Sal Marchese Jr. has a little history when it comes to preparing for big football games in December. The veteran Delsea coach once again has his team competing in a championship game, and all these years he has done many different things to prepare.

This year, he tried something new: attending a football game as a fan.

That's right. These coaches who chalk up win after win and, in Marchese's case, championship after championship, can also have a rooting interest.

It so happens that Marchese's interest extended to Tuscaloosa, Ala.

Last weekend, Marchese and a few coaching friends attended the Iron Bowl, Alabama's 30-12 win over Auburn.

Marchese was among the 101,821 in attendance at Bryant-Denny Stadium, soaking in the atmosphere and cheering for the nation's No. 1-ranked team.

"It's the first time we went away, and it got us energized," Marchese said.

Did it take a trip to Alabama to find energy?

"I am an Alabama fan," he said.

Who would know that he was a fan of any team and that it would be the Crimson Tide?

Marchese said he has long been an Alabama fan, and one of his goals was to one day see the Iron Bowl.

"It was awesome, unbelievable, with [almost] 102,000 people and such a great experience," he said.

Since Delsea (7-4) didn't have a Thanksgiving game, the third-seeded Crusaders haven't played since defeating No. 2-seeded Burlington Township on Nov. 18 in the Group 3 semifinal.

Since that win, Marchese has had plenty of time to dissect Wall Township, the 9-2 team the Crusaders will meet in the South Jersey Group 3 final at 11 a.m. Saturday at Rowan.

Delsea is the four-time defending Group 3 champion. No South Jersey school above Group 1 has ever won four in a row since the advent of NJSIAA playoffs in 1974.

It's been a remarkable run for a coach who always expects to still be standing while most other teams have handed in their uniforms. Now in his 24th season at his alma mater, Marchese has guided Delsea to eight South Jersey titles as a coach. He also won two as a player at the school.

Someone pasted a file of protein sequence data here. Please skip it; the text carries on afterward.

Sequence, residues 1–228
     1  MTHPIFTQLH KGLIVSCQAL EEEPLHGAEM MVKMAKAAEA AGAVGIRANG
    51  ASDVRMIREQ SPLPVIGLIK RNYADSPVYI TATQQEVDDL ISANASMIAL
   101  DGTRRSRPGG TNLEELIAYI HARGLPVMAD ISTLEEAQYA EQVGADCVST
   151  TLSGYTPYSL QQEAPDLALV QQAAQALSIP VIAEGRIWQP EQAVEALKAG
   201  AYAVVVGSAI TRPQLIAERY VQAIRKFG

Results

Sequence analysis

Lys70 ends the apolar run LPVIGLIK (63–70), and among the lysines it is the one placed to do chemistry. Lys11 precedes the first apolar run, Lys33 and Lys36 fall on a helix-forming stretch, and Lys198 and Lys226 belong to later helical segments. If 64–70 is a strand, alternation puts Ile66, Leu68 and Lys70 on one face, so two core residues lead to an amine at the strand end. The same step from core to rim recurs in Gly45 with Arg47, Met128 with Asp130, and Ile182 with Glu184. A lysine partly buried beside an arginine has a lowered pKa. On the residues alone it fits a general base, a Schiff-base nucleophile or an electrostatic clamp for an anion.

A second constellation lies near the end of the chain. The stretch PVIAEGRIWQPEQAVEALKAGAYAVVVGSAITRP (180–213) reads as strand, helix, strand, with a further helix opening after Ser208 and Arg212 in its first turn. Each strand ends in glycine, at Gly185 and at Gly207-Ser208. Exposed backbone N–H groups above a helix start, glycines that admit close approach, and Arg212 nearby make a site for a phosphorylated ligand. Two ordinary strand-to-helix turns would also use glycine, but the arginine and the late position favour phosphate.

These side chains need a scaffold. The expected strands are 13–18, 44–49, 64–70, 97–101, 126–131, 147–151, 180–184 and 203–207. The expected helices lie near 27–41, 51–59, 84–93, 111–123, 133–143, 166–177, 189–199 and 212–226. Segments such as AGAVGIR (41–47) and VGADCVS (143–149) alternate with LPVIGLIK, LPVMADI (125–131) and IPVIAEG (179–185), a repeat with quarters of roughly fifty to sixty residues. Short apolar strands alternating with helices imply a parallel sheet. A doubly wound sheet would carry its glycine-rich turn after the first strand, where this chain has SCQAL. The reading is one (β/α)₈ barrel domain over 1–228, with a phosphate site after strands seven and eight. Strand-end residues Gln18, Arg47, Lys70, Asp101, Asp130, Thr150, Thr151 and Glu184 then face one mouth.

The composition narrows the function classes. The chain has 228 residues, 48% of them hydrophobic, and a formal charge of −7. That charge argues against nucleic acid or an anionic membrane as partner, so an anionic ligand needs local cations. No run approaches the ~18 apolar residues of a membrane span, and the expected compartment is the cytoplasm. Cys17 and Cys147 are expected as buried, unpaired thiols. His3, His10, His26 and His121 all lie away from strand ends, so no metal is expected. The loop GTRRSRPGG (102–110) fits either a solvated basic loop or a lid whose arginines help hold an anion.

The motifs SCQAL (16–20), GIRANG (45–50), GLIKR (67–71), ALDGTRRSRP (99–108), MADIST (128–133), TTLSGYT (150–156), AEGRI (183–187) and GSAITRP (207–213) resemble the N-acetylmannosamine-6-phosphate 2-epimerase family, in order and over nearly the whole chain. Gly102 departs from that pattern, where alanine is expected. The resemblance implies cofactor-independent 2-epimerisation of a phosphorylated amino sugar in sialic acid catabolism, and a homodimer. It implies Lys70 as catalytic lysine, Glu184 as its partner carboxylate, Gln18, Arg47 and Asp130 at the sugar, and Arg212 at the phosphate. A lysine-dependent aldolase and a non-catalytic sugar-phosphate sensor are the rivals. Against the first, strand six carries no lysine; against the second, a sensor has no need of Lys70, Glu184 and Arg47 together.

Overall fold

When South Jersey's football royalty is mentioned, the school from Franklinville is near the top. This will be the Crusaders' 17th championship game appearance, with 13 victories and counting.

This year, Delsea will be the underdog, which is fine with the coach.

"They are a very good team. They are well- coached and a very disciplined and physical team, so it will be a challenge for us," he said about Wall.

That sounds like what other coaches say about Delsea.

The program has been so successful that Marchese's biggest challenge is often coaching against complacency.

"The kids sometimes think it is going to be a heck of a lot easier than it is," he said. "You have to constantly try to guard against that and constantly try to overcome that."

So this year, he took a brief break, although while attending a football game who knows how many ideas he came back with that he might use for the Crusaders.

A coach who has been a life-long winner is always looking for an edge, even if he had to go more than 900 miles to find it.